The world will need to spend an estimated US$5.7 trillion annually in green infrastructure by 2020 in order to limit global temperature rise to 2 degrees C. This week, it took a step toward creating an institution – the Green Climate Fund – that will be pivotal in achieving this goal.
In most developing economies, Micro, Small, and Medium Enterprises (MSMEs) employ up to 78 percent of the population and account for approximately 29 percent of the national GDP. Their presence in communities throughout the world– big and small, rural and urban – allows them to get products and services to hard-to-reach populations. This market concentration and high level of employment means MSMEs are in a good position to contribute to making vulnerable populations more climate-resilient.
But while MSMEs can assist in helping vulnerable households adapt to climate change, they are also extremely vulnerable to the impacts of a warmer world, such as intensification of precipitation and shifts in water availability. It’s important that MSMEs overcome these challenges and capitalize on their unique business opportunities in ways that help vulnerable communities adapt to climate change.
Multinational companies (MNCs) typically have operations and supply chains in many parts of the world. The way they respond to climate change, therefore, can affect many populations, including poor communities in developing countries, where many people are especially vulnerable to heat waves, sea level rise, and other climate change impacts. MNCs sometimes find themselves in tension with local groups and the environment, but they can also play an important role in making these communities more climate-resilient.
Here are three ways that MNCs can contribute to climate change adaptation in developing countries:
This year’s climate negotiations in Warsaw, Poland (COP 19) were a bit of a mixed bag. On the one hand, the summit’s outcomes were dramatically out of step with the level of action needed to solve the climate change problem. A tempting metaphor for the talks was the national stadium in which they were held– one could go around in endless circles in search of the right location.
On the other hand, the Warsaw COP did achieve the incremental outcomes needed to move the process forward. Negotiators put in place a work plan for securing an international climate agreement at COP 21 in Paris in 2015. The COP also made progress on scaling up climate finance and addressing the difficult issue of loss and damage, a process for addressing climate impacts that are difficult or impossible to adapt to. These are small but important steps toward bringing countries out of their repetitive, circular discussions and closer to agreeing collectively on how to address global climate change.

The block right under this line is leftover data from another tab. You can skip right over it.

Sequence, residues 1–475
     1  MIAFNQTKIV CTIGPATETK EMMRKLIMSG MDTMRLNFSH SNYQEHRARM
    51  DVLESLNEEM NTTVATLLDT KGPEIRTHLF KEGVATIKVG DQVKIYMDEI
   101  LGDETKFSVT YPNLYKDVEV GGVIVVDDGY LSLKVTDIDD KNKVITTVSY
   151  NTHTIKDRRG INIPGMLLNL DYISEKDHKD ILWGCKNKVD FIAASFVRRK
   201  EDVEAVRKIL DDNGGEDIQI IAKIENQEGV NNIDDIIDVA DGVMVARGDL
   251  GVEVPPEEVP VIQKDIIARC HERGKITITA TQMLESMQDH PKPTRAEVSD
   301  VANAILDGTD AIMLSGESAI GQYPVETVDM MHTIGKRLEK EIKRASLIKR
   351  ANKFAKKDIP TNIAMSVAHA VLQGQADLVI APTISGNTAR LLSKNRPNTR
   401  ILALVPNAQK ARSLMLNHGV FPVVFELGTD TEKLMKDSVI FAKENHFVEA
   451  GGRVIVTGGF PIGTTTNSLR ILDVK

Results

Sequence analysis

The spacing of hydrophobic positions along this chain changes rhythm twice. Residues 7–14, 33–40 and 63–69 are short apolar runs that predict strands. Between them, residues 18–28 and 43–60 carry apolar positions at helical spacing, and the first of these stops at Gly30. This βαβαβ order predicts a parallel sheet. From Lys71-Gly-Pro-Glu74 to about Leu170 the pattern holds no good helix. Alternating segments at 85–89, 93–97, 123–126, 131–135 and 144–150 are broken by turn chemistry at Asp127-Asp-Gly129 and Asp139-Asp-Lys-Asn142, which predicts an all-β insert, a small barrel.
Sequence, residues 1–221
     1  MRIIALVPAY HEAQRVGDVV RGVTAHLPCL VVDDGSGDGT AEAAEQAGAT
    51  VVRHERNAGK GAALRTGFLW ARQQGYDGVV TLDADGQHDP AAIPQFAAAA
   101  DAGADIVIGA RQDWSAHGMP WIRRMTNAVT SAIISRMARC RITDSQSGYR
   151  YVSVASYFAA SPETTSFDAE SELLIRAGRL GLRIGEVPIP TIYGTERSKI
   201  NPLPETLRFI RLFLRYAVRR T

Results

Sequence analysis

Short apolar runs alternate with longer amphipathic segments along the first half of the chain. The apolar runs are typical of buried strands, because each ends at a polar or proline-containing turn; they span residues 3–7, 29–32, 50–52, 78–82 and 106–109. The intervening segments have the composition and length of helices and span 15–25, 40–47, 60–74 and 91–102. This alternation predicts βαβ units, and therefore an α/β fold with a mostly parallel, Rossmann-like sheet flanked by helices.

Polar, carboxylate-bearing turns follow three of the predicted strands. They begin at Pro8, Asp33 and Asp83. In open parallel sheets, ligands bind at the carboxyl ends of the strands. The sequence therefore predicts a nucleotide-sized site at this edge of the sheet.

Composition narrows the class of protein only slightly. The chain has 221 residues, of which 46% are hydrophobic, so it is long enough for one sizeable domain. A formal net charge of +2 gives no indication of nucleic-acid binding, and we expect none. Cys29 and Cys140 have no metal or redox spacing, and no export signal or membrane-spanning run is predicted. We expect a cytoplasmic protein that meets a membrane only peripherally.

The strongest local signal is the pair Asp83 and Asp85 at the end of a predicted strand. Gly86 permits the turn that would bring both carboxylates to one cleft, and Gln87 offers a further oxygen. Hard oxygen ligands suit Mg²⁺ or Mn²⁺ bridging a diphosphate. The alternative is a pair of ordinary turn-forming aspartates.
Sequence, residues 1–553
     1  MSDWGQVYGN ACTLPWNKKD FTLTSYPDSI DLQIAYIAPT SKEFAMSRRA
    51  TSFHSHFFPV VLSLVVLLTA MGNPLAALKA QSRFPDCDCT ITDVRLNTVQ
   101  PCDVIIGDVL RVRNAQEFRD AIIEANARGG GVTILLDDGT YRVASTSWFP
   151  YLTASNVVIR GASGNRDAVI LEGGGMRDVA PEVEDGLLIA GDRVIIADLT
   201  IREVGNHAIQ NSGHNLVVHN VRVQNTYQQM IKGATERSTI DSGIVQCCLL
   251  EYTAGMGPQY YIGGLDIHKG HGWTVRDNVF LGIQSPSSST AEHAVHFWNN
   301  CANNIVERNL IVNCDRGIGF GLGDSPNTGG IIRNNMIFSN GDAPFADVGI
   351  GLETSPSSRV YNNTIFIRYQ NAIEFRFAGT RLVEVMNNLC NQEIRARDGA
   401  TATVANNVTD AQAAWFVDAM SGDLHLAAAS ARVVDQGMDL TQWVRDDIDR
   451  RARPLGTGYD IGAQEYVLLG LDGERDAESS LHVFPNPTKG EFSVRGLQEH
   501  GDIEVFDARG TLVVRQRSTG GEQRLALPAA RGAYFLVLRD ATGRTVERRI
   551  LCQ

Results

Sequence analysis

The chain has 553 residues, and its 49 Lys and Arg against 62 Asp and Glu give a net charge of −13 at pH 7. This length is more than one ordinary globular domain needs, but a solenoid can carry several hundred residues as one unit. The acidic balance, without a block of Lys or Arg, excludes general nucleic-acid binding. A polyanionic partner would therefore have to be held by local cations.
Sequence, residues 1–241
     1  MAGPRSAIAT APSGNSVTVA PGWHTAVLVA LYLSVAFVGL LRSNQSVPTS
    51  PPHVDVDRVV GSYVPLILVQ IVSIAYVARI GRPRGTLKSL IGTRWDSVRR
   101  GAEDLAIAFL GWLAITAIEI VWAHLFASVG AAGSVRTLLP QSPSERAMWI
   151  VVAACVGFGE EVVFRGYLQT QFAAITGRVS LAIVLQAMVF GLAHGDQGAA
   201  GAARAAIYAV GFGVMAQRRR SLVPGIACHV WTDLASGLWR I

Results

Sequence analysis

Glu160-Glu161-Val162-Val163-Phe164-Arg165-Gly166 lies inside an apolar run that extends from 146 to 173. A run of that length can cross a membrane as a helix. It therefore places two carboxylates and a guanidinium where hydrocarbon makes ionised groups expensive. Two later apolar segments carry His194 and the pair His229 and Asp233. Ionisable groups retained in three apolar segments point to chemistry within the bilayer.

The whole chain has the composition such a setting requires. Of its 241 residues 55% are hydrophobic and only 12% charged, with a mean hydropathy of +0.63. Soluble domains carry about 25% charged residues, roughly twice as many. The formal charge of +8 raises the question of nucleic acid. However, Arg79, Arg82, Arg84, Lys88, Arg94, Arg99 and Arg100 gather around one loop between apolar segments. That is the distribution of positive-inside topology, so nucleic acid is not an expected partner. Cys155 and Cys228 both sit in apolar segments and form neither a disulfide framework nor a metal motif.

Strategies to mitigate and adapt to climate change’s impacts will be costly, so success at COP 19 hinges on making progress on climate finance. It’s important that negotiators pursue three actions: scaling up adaptation finance; developing pathways to secure $100 billion in climate finance by 2020; and moving the Green Climate Fund forward.
One of the biggest successes from 2009’s COP 15 conference was securing funding for climate change adaptation and mitigation in developing countries. Donor nations agreed to “provide new and additional resources […] approaching $30 billion for the period 2010–2012, with balanced allocation between adaptation and mitigation.” They also committed to mobilize $100 billion a year by 2020.
But the agreement left a key question unresolved: how should funding be “balanced” between adaptation and mitigation? Should the funding balance be 50/50 between adaptation and mitigation or should it based on each country’s needs? Should funding include both private and public sector investment? These are some of the questions that negotiators will need to address during COP 19 in Warsaw.
But whatever they decide as being a “balanced commitment,” one thing is clear: finance for adaptation needs to increase in the coming years.
This set contains data from a detailed review of the 2010-2012 fast-start finance (FSF) contributions of five countries reporting the largest FSF contributions (Germany, Japan, Norway, the UK, and the USA) and f
In order to understand where the climate finance agenda is likely to go, it is first necessary to grasp where it stands today. To that end, Overseas Development Institute, WRI, and IGES – in partnership with the Open Climate Network – have conducted the first in-depth examination of Fast Start Finance (FSF), the period from 2010-2012 in which developed nations pledged to deliver US$ 30 billion in climate finance. As of September 2013, countries reported providing $35 billion in public FSF from 2010 through 2012, exceeding their pledge. Just five countries – Germany, Japan, Norway, the United Kingdom and the United States— provided US$ 27 billion of this finance.
Lessons from the Fast-Start Finance Period
Developed countries report that they mobilised $35 billion in international climate finance for developing countries through the “fast-start finance” period from 2010 through 2012. This study examines the reported contribution in detail, revealing lessons for mobilising and targeting climate...